The digital age has led to us being overwhelmed with sources of information and entertainment. It is unfashionable to suggest that it might be unproductive to take advantage of multiple data streams to interact with the virtual world, listen to your favourite music and study simultaneously.
However in 1973, Kahneman proposed that the amount of attention that an individual can deploy at any time is limited. It is known as the ‘capacity model of attention’ and is based on the assumptions that attention can be freely allocated to activities based on their arousal level and that your total attention is finite. The model has been used to explain research findings on the effect of background television on cognitive performance. While recent research has demonstrated that students read and study better in silence; though if they must listen to music then certain types are better than others, for instance light classical music has a less deleterious effect than hip hop music – maybe because it has a lower arousal level.
So multi-tasking is not conducive to high quality output or efficient working. Many people have arrived at this conclusion by the time they graduate from University or have spent a few years in a mentally demanding job. However, it is an uphill task to convince young people that they would perform better and finish tasks faster without the distractions made readily available by the digital age.
Or that is safer not to cross the road while listening to music and texting your friends!
For many references to the research literature see Chou, P. M-T., Attention drainage effect: how background music effects concentration in Taiwanese college students, Journal of Scholarship of Teaching & Learning, 10(1):36-46, 2010. http://josotl.indiana.edu/issue/view/158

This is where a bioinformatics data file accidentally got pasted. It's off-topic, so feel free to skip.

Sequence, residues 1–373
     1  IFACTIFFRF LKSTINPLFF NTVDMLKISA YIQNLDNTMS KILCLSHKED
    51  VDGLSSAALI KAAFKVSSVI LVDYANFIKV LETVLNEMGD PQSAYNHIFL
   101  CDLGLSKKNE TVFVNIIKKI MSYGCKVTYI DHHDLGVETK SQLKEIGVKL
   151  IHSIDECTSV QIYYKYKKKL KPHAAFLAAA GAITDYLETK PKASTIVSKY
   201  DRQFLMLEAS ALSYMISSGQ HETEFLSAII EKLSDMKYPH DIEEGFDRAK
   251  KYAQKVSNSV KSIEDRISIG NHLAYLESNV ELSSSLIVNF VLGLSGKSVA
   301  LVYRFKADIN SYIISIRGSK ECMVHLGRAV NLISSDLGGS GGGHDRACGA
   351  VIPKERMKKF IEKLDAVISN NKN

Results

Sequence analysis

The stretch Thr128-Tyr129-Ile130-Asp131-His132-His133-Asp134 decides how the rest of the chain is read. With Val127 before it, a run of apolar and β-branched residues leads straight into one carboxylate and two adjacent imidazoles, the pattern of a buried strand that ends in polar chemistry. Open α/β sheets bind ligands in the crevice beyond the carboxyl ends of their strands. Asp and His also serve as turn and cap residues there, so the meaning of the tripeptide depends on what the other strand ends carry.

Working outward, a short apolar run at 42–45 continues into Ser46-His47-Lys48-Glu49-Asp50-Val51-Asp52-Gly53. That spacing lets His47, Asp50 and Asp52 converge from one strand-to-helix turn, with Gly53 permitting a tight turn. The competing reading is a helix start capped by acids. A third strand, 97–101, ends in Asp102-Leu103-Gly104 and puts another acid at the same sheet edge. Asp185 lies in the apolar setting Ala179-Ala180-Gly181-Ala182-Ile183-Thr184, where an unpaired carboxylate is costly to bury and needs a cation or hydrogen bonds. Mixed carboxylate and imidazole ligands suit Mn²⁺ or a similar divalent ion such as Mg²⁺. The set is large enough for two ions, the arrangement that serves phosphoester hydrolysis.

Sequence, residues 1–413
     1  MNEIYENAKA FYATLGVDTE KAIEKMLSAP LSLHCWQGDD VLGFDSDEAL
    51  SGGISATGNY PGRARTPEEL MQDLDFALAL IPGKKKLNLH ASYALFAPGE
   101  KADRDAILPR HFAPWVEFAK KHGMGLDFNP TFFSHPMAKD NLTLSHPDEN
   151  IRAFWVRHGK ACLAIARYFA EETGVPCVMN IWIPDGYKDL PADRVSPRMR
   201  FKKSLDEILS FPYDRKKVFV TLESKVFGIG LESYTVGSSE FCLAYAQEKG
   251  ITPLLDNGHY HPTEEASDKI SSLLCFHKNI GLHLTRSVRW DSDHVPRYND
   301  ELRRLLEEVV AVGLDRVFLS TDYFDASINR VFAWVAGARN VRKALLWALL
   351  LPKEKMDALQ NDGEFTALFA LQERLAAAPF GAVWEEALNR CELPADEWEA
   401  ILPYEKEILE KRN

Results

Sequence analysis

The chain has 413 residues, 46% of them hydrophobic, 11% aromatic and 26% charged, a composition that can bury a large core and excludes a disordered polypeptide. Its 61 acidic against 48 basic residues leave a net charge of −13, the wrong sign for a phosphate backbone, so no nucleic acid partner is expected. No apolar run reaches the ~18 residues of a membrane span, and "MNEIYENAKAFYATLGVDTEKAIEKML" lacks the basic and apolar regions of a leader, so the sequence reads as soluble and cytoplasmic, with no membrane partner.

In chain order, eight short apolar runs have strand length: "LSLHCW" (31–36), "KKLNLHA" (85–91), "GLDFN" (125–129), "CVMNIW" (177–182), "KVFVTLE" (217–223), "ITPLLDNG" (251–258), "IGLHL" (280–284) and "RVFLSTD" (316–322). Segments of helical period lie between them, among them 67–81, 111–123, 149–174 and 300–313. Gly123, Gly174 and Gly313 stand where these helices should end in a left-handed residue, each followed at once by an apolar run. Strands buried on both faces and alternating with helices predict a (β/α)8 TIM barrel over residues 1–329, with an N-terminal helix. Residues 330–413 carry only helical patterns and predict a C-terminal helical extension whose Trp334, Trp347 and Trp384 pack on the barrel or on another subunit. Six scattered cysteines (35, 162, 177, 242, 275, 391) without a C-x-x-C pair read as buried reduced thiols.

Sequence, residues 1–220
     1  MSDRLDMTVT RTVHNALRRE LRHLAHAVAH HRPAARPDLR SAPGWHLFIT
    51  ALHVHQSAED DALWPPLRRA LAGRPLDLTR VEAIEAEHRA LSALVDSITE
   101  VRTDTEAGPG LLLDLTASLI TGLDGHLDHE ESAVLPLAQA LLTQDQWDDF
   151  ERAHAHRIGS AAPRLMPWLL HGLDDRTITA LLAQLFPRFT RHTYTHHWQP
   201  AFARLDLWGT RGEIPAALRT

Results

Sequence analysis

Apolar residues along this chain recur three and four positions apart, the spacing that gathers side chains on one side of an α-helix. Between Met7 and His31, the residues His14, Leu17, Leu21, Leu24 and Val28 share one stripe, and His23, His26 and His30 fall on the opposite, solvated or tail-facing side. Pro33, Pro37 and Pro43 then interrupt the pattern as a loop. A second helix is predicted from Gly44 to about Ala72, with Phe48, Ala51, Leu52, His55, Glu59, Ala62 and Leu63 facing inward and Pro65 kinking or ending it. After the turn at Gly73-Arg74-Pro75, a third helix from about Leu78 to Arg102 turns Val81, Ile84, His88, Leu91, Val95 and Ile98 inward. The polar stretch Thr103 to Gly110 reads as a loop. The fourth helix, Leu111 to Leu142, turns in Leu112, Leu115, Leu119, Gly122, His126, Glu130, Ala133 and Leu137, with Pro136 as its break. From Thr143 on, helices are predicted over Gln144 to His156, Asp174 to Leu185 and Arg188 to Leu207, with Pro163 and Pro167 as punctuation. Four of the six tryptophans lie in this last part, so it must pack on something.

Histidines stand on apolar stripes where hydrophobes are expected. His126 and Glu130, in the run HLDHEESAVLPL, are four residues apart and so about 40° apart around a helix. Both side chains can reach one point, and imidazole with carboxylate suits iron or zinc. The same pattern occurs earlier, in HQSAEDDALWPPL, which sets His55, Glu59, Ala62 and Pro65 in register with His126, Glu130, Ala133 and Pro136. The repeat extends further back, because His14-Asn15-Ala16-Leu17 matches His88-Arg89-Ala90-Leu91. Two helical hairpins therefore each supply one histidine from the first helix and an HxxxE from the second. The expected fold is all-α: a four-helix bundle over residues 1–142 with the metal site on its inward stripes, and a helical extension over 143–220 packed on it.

Kahneman, D., Attention and effect, Englewood Cliffs, NJ: Prentice Hall, 1973.
I fully agree. But how comes that some youngsters declare that their mind comes to rest only if something in the background is going on?
Because to some it is frightening to have total silence. It signals that the person is utterly alone, which is something most do not find enjoyable.
I think here we need to make a harder distinction between those extra activities that drain attention away and those that are just casually playing in the background. In the real world it is impractical to achieve total silence [noise in the background → automobiles, planes, trains, birds, mice, people chattering away in the street]. So there is always some amount of background noise anyway.
Perhaps the optimal level of background noise differs between people, too.
I know I find it far too weird and eerie to concentrate when there is absolutely NO sound. Even effortful concentration. But there is obviously an upper limit to this. Far worse are physical distractions [e.g. your spouse/friend/children pulling you away from your activity/study, a voluptous bikini-clad female walking by….] in my opinion.
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